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Jeans Redesign: Tackling jeans to make the fashion industry circular with ASOS, H&M & Tommy Hilfiger

The fashion industry globally produces greenhouse gas emissions equivalent to the combined annual output of all the world’s international flights and maritime shipping journeys. This is something that the Ellen MacArthur Foundation wants to change. It has put forward a vision for a circular economy for fashion that will transform the industry.

This is based on the premise that products will be used more, made to be made again and produced from safe or renewable raw materials. “This will change not just garments but the services, supply chains and business models,” says Juliet Lennon, programme manager, Jeans Redesign, Ellen MacArthur Foundation.

Jeans Redesign is the project launched in July 2019 to start realising this vision. It is focused on an iconic product that is made in a very resource intensive way and is difficult to remake after wear in order to demonstrate that it is possible to redesign products fit for the circular economy.

With the help of 72 brands, retailers, garment manufacturers, fabric mills and others – including ASOS, BAM Bamboo Clothing, Banana Republic, C&A, Chloé, Gap, H&M, Lee, Levi Strauss & Co, Marks & Spencer, Monki, MUD Jeans, Primark, Reformation, Tommy Hilfiger, Urban Outfitters EU and Wrangler – it has been investigating existing solutions and barriers and identifying innovation gaps.

Two years after it first started its work, the project has published common guidelines and definitions showing how jeans can be produced that are durable, traceable and recyclable, and made from safe materials using safe processes.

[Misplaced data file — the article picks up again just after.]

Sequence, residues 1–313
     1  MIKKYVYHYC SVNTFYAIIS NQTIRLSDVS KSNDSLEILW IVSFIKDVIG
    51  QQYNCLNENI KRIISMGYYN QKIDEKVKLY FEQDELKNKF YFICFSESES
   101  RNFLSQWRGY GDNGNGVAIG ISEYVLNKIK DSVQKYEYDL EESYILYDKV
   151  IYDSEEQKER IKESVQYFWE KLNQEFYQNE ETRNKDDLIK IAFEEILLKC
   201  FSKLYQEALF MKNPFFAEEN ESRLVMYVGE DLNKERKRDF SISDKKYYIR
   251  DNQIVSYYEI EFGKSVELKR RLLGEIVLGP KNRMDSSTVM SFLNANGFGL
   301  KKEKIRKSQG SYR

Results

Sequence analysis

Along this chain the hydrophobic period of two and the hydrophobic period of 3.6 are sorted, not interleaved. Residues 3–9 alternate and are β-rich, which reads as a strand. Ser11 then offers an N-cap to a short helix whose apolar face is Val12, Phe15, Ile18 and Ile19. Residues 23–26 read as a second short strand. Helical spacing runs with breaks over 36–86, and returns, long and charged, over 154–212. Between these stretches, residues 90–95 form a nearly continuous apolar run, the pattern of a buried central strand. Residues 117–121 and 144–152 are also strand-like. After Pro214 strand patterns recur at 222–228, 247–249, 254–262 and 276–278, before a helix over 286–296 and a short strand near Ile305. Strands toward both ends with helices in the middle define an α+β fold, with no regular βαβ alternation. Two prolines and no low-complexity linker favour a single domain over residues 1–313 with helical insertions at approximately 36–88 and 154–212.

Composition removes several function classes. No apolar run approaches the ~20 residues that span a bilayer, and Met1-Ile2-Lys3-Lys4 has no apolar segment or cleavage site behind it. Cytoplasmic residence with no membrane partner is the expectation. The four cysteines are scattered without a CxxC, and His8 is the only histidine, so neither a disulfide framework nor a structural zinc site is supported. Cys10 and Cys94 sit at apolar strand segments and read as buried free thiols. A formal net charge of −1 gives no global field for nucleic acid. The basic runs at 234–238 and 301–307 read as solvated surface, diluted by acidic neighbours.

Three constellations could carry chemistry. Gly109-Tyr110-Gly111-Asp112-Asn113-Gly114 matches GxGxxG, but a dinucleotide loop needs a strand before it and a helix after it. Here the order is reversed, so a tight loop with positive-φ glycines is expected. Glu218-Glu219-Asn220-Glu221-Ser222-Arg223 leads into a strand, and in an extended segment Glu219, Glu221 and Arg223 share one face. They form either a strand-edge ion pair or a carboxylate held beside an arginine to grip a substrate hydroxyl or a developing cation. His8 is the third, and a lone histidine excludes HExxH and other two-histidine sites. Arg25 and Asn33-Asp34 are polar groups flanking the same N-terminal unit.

More than half a million redesigned pairs of jeans “fit for the circular economy” and manufactured using these guidelines have now gone on sale. “This is still a fraction of the total jeans market. However, the point of this project was to prove that it’s possible, to be the starting point and to build from that,” says Lennon.

Jeans Redesign has not only driven innovation and identified gaps and barriers that are yet to be overcome, but also proved what the industry can achieve. In the first two years, some criteria were consistently reported as being among the toughest requirements for participants to meet. These include:

  • Sourcing cellulose-based fibres produced in nature-positive ways;
  • Finding hardware solutions that don’t use conventional electroplating – a technique that generates hazardous waste;
  • Sourcing zips that can be removed and reused or recycled without losing fabric; • Sourcing buttons that can be removed;
  • Working out how sewing can replace rivets designed to add strength to areas such as pockets; and limiting non cellulose based fibres to 2% or less to ensure recyclability, while still delivering styles and comfort that appeal to customers (including jeans with stretch).

During this time, new business models for jeans have evolved including rental and made-to-order, while large organisations have broken down silos, started working across teams and shared knowledge of the circular economy across different parts of their business.

This article was originally featured in the Sustainability 2021 report. For further information on COP26 in the context of retail, consumer perceptions of sustainability and retailer transparency, download the full report here.

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